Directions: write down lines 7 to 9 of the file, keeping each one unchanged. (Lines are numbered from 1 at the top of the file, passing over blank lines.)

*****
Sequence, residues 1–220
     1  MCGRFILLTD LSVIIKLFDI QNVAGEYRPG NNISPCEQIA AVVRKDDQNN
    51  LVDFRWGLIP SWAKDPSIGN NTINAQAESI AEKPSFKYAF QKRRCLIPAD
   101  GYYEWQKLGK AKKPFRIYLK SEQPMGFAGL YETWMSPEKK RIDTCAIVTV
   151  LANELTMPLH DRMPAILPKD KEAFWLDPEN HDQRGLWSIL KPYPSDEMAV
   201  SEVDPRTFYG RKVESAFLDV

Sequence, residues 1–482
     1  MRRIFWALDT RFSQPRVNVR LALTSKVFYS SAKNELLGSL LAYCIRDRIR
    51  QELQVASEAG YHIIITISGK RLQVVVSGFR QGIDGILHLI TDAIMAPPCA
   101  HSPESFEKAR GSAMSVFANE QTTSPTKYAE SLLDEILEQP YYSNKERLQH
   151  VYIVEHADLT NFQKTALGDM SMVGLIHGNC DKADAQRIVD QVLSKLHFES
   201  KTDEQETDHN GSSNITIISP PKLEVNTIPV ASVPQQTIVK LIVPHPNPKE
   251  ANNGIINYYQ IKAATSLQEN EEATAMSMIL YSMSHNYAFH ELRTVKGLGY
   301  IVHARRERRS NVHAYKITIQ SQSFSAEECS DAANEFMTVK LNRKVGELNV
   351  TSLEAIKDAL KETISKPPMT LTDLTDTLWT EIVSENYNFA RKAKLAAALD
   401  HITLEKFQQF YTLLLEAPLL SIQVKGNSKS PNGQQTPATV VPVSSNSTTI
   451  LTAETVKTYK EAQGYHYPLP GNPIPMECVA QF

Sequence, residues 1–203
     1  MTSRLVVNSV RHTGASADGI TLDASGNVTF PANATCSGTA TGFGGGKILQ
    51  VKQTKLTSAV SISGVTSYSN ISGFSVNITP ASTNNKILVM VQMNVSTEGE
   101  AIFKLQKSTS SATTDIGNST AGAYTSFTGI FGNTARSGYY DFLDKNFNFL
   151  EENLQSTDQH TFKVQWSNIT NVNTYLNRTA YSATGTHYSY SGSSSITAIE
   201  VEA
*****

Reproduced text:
Sequence, residues 1–482
     1  MRRIFWALDT RFSQPRVNVR LALTSKVFYS SAKNELLGSL LAYCIRDRIR
    51  QELQVASEAG YHIIITISGK RLQVVVSGFR QGIDGILHLI TDAIMAPPCA